, Volume 198, Issue 2, pp 325-345

Catastrophic cooling and high-speed downflow in quiescent solar coronal loops observed with TRACE

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Abstract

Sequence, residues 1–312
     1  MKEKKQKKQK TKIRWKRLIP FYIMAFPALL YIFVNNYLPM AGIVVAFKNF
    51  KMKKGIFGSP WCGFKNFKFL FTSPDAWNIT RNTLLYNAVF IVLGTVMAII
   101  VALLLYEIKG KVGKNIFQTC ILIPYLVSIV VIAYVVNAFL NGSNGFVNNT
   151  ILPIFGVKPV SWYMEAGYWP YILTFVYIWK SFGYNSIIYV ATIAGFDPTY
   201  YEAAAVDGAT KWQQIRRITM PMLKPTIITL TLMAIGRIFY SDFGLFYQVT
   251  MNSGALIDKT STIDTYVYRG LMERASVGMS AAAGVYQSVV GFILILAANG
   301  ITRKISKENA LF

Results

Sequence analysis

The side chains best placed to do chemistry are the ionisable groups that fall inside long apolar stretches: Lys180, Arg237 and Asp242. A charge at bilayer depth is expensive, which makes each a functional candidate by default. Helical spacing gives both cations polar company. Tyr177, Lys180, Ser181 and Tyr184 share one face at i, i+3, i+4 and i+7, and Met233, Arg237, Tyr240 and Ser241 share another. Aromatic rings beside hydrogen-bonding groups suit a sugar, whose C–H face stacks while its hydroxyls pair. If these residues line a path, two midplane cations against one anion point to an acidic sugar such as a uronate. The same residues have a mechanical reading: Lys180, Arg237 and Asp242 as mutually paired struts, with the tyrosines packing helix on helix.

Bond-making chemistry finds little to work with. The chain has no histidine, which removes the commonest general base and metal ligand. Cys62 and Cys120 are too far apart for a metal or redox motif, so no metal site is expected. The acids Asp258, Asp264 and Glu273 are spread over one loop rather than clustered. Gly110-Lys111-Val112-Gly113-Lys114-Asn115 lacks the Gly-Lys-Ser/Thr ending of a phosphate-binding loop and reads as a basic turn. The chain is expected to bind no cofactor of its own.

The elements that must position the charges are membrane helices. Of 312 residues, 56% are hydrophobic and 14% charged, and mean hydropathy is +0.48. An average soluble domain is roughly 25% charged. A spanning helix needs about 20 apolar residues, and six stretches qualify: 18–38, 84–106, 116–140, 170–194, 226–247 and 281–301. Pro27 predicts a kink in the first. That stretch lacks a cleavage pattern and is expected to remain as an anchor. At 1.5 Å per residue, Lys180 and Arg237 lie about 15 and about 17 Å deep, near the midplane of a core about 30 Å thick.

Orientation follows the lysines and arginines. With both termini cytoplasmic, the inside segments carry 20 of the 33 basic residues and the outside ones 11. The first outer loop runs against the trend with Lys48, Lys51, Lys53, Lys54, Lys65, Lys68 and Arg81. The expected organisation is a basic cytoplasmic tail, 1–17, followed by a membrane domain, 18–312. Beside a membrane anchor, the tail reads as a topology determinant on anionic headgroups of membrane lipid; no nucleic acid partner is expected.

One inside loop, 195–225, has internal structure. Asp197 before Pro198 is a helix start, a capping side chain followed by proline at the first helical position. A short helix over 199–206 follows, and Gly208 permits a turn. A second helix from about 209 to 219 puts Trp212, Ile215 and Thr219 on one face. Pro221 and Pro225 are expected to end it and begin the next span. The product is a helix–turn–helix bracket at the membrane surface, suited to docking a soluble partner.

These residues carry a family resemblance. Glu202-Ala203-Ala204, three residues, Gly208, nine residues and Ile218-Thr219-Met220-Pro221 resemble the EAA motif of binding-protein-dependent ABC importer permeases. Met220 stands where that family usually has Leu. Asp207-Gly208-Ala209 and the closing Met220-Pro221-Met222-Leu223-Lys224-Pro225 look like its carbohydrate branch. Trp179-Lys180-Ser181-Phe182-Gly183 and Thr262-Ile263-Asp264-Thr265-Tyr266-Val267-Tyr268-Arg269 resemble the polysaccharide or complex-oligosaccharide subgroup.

Observations with the Transition Region and Coronal Explorer, TRACE, show frequent catastrophic cooling and evacuation of quiescent solar coronal loops over active regions. We analyze this process using image sequences taken in passbands showing plasma from a few million degrees down to less than 100 000 K, taken at a cadence of 90 s. The loop evacuation often occurs after plasma high in the corona has cooled to transition-region or even chromospheric temperatures. The cooling loops frequently show Lyman-α and C iv emission developing initially near the loop tops; later, that cool plasma usually slides down on both sides of the loop. The relatively cool material often forms clumps that move at speeds of up to 100 km s−1. The downward acceleration is no more than 80 m s−2, less than \(\frac{1}{3}{\text{rd}}\) of the surface gravity. Cooling appears to progress with delays of the order of up to 103 s between thin, neighboring strands within flux bundles with cross-sections of at least 1–2 Mm, so that hot and cool loops are transiently outlined at essentially the same location. The falling material at temperatures of ≲ 0.1 MK shows no evidence of loop braiding on scales above the resolution of ∼1 Mm; loop cross-sections appear independent of height. Existing numerical models suggest that the observed catastrophic loop-top cooling in non-flaring conditions can occur if the loop heating precipitously drops by 1.5 orders of magnitude or more, first and most strongly high in the corona. Using order-of-magnitude geometrical arguments, we estimate that loop bundles in the interior of an active region undergo catastrophic cooling on average once every 2 days, while in a decayed bipolar region that time interval is approximately a week.